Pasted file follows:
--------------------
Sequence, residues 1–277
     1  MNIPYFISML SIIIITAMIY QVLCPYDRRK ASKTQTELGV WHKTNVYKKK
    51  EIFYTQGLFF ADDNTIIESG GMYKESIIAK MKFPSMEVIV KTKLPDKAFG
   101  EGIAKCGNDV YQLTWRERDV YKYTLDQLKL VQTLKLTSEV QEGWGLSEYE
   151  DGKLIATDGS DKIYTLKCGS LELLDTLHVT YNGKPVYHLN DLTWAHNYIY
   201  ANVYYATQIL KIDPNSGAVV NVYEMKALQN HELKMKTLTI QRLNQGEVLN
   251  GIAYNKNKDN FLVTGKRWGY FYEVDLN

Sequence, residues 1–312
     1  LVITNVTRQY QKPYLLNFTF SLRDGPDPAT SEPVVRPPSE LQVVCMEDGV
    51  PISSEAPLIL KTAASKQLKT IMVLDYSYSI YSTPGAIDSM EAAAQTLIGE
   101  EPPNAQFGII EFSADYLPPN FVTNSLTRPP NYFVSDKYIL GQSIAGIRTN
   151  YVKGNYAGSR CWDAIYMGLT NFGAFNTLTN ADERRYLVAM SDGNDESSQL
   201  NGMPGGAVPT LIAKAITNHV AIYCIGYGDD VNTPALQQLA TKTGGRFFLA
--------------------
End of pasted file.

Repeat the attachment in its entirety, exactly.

Sequence, residues 1–277
     1  MNIPYFISML SIIIITAMIY QVLCPYDRRK ASKTQTELGV WHKTNVYKKK
    51  EIFYTQGLFF ADDNTIIESG GMYKESIIAK MKFPSMEVIV KTKLPDKAFG
   101  EGIAKCGNDV YQLTWRERDV YKYTLDQLKL VQTLKLTSEV QEGWGLSEYE
   151  DGKLIATDGS DKIYTLKCGS LELLDTLHVT YNGKPVYHLN DLTWAHNYIY
   201  ANVYYATQIL KIDPNSGAVV NVYEMKALQN HELKMKTLTI QRLNQGEVLN
   251  GIAYNKNKDN FLVTGKRWGY FYEVDLN

Sequence, residues 1–312
     1  LVITNVTRQY QKPYLLNFTF SLRDGPDPAT SEPVVRPPSE LQVVCMEDGV
    51  PISSEAPLIL KTAASKQLKT IMVLDYSYSI YSTPGAIDSM EAAAQTLIGE
   101  EPPNAQFGII EFSADYLPPN FVTNSLTRPP NYFVSDKYIL GQSIAGIRTN
   151  YVKGNYAGSR CWDAIYMGLT NFGAFNTLTN ADERRYLVAM SDGNDESSQL
   201  NGMPGGAVPT LIAKAITNHV AIYCIGYGDD VNTPALQQLA TKTGGRFFLA